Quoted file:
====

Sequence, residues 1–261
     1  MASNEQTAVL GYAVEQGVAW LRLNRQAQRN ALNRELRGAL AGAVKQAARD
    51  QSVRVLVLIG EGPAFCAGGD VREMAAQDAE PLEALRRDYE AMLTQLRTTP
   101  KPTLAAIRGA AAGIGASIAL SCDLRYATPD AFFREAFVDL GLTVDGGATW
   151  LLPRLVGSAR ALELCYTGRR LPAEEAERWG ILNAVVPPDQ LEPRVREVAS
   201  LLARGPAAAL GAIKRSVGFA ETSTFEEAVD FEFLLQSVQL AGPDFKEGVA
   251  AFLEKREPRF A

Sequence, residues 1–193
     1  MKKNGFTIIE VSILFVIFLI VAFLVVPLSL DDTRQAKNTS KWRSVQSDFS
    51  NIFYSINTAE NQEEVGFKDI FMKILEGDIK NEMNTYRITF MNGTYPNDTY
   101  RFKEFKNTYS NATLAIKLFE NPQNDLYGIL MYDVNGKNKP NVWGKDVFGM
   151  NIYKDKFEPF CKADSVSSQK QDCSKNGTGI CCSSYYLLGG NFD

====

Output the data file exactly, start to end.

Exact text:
Sequence, residues 1–261
     1  MASNEQTAVL GYAVEQGVAW LRLNRQAQRN ALNRELRGAL AGAVKQAARD
    51  QSVRVLVLIG EGPAFCAGGD VREMAAQDAE PLEALRRDYE AMLTQLRTTP
   101  KPTLAAIRGA AAGIGASIAL SCDLRYATPD AFFREAFVDL GLTVDGGATW
   151  LLPRLVGSAR ALELCYTGRR LPAEEAERWG ILNAVVPPDQ LEPRVREVAS
   201  LLARGPAAAL GAIKRSVGFA ETSTFEEAVD FEFLLQSVQL AGPDFKEGVA
   251  AFLEKREPRF A

Sequence, residues 1–193
     1  MKKNGFTIIE VSILFVIFLI VAFLVVPLSL DDTRQAKNTS KWRSVQSDFS
    51  NIFYSINTAE NQEEVGFKDI FMKILEGDIK NEMNTYRITF MNGTYPNDTY
   101  RFKEFKNTYS NATLAIKLFE NPQNDLYGIL MYDVNGKNKP NVWGKDVFGM
   151  NIYKDKFEPF CKADSVSSQK QDCSKNGTGI CCSSYYLLGG NFD